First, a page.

US Smart Bomb Makers Coping with Surging Demand in the Middle East

07.12.2015 North America
US Smart Bomb Makers Coping with Surging Demand in the Middle East

US Smart Bomb Makers Coping with Surging Demand in the Middle East

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Top US arms makers are straining to meet surging demand for precision missiles and other weapons being used in the US-led fight against Islamic State and other conflicts in the Middle East, according to senior US officials and industry executives.

Global demand for US-made missiles and so-called smart bombs has grown steadily since their use in the first Gulf War. But the United States and a host of allies are now rushing to ensure a stable supply of such weapons for what is expected to be a long fight against Islamic State, whose rise has fueled conflict in Syria and across a swathe of the Middle East.

US officials say arms makers have added shifts and hired workers, but they are bumping up against capacity constraints and may need to expand plants or even open new ones to keep weapons flowing. That could create further log-jams at a time when US allies are voicing growing concern that Washington's processing of arms sales orders is too slow.

Islamic State's deadly attacks in Paris last month have added urgency to the US-led bombing campaign against the group in Iraq and Syria. The campaign had resulted in 8,605 strikes at an estimated cost of around $5.2 billion as of December 2.

Meanwhile, a Saudi-led coalition including Bahrain and the United Arab Emirates and backed by Washington is carrying out a nine-month-old military campaign against Iran-backed rebels in Yemen. Gulf States are also supplying US-made arms to rebels fighting Syria's government in that country's four-year-old war.

“It's a huge growth area for us. Everyone in the region is talking about building up supplies for five to ten years. This is going to be a long fight against Islamic State,” said one executive with a US weapons maker, who was not authorized to speak publicly.

The impact is palpable in Troy, Alabama, where Lockheed Martin Corp builds its 100-pound Hellfire air-to-ground missiles at a 3,863-acre highly secured facility surrounded by woods and horse pastures. Realtors are adding staff in anticipation of new hiring at the plant, and the large grocery chain Publix is opening a store soon.

Lockheed has added a third shift at its plant, which employed 325 workers as of February, and is now at “maximum capacity,” said one executive familiar with the issue. The company announced in February that it will add 240 workers by 2020 and expand the facility, which also produces a 2,000-pound air-to-surface stealthy missile.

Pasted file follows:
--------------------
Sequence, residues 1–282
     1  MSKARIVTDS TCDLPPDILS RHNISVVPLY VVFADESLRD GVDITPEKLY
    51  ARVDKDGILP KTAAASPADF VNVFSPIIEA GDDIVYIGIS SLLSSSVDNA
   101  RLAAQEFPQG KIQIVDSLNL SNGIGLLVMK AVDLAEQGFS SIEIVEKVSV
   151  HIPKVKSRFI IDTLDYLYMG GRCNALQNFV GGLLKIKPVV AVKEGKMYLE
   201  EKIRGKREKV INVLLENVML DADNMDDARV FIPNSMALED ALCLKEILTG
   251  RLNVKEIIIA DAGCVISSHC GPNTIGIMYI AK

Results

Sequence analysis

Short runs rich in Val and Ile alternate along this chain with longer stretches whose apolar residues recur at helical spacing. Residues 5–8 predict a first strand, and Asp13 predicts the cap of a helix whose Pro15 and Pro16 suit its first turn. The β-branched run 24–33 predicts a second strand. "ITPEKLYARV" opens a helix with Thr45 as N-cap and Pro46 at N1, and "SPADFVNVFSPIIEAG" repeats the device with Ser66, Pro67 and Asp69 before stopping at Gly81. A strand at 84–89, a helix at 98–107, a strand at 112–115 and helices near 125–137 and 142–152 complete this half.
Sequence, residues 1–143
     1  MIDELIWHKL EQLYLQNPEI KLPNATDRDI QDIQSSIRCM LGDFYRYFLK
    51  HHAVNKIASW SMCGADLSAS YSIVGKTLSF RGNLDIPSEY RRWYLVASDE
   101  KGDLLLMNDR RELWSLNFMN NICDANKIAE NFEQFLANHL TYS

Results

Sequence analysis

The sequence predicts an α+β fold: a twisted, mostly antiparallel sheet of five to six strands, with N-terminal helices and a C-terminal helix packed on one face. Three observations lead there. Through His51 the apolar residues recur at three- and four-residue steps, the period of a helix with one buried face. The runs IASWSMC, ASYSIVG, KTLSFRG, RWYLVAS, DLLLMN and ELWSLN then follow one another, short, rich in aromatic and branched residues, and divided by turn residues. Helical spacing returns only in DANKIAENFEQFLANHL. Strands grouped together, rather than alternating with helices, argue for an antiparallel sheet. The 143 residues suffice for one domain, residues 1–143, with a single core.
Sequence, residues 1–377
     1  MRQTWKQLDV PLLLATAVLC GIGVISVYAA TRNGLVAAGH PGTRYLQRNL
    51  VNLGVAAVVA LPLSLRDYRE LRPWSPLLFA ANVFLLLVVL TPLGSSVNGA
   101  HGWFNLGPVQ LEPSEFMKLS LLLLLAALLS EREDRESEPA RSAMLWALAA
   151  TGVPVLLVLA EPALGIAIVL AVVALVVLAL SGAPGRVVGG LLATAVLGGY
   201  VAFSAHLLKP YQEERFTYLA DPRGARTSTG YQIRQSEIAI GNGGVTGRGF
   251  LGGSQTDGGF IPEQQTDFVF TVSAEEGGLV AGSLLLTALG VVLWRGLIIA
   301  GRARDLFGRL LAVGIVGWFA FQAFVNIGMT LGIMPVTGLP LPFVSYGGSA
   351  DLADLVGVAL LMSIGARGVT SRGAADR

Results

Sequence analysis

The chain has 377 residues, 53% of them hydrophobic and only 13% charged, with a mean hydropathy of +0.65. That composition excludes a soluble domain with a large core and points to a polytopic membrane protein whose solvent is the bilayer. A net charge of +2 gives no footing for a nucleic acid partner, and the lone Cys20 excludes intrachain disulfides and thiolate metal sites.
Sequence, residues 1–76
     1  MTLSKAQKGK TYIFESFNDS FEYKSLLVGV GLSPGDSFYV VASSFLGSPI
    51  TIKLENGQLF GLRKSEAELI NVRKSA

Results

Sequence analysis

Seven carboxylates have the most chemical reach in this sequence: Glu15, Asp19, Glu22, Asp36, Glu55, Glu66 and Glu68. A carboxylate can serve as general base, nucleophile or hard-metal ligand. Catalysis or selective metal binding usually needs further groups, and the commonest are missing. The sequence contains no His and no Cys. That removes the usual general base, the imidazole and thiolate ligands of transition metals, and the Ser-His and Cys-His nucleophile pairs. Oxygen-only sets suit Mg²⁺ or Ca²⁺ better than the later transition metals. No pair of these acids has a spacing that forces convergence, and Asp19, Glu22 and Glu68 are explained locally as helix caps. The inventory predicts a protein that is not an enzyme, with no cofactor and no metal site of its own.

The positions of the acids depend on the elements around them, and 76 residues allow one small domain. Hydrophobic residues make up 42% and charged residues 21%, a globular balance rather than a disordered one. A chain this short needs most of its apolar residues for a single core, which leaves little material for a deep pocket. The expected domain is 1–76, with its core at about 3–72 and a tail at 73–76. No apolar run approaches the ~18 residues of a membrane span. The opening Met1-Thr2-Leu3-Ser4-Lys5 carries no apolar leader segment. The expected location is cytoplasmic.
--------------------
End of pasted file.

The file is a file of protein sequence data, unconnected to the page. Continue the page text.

Frank Kendall, the Pentagon's chief arms buyer, said there has been particularly strong demand for the Hellfire missiles. At $60,000 to $100,000 apiece they are inexpensive compared to many missiles and can be launched from everything from aircraft, helicopters and ships to destroy armored vehicles or punch into buildings.

Kendall and other senior US officials told Reuters they are working with Lockheed, Raytheon Co and Boeing Co. to ramp up production of precision munitions and potentially add new capacity.

“We are watching that closely. We are looking at the need to increase capacity,” Kendall said.

Defense shares have performed strongly in recent months on expectations of better results, and many soared after the attacks in Paris.

Total US foreign military sales approvals surged 36% to $46.6 billion in the year through September 2015 from around $34 billion a year earlier. Approved sales of missiles, smart bombs and other munitions to US allies jumped to an estimated $6 billion in fiscal 2015 from $3.5 billion a year earlier.

This year alone, the US government has approved the sale of Hellfires to South Korea, Pakistan, Saudi Arabia, Lebanon, France, Italy and Britain. In June, the US Army said it had asked Lockheed to boost production of the Hellfire from 500 per month to 650 by November.

Also in high demand, Kendall said, are Boeing’s Joint Direct Attack Munition (JDAM) kits, which turn unguided munitions into smart bombs and have been used consistently to strike Islamic State targets in Iraq and Syria.

Last month, the State Department approved a $1.29 billion deal with Saudi Arabia for more than 22,000 JDAMS and other types of precision-guided bombs.

Boeing said it boosted the daily production rate of JDAMs at its facility outside St. Louis by 80% in July to meet demand from the US military and more than 25 other countries.

Raytheon, one of the largest US munitions makers, declined comment on its missile production work. The company has a large missile production facility in Tucson, Arizona, which could potentially boost production, Kendall said.

Vice Admiral Joe Rixey, Director of the Pentagon's Defense Security Cooperation Agency, said industry was keeping up with demand thus far but that pressures were mounting.

The long-term increase in demand is also expected to boost revenues for key suppliers such as Orbital ATK and Aerojet Rocketdyne Holdings Inc, which make the propulsion systems for many of the missiles.

US Air Force Chief of Staff General Mark Welsh said the US military had increased its orders in recent years to replenish and expand its stockpiles, but more work was needed. He said Washington was encouraging its allies to do the same. (Reuters)



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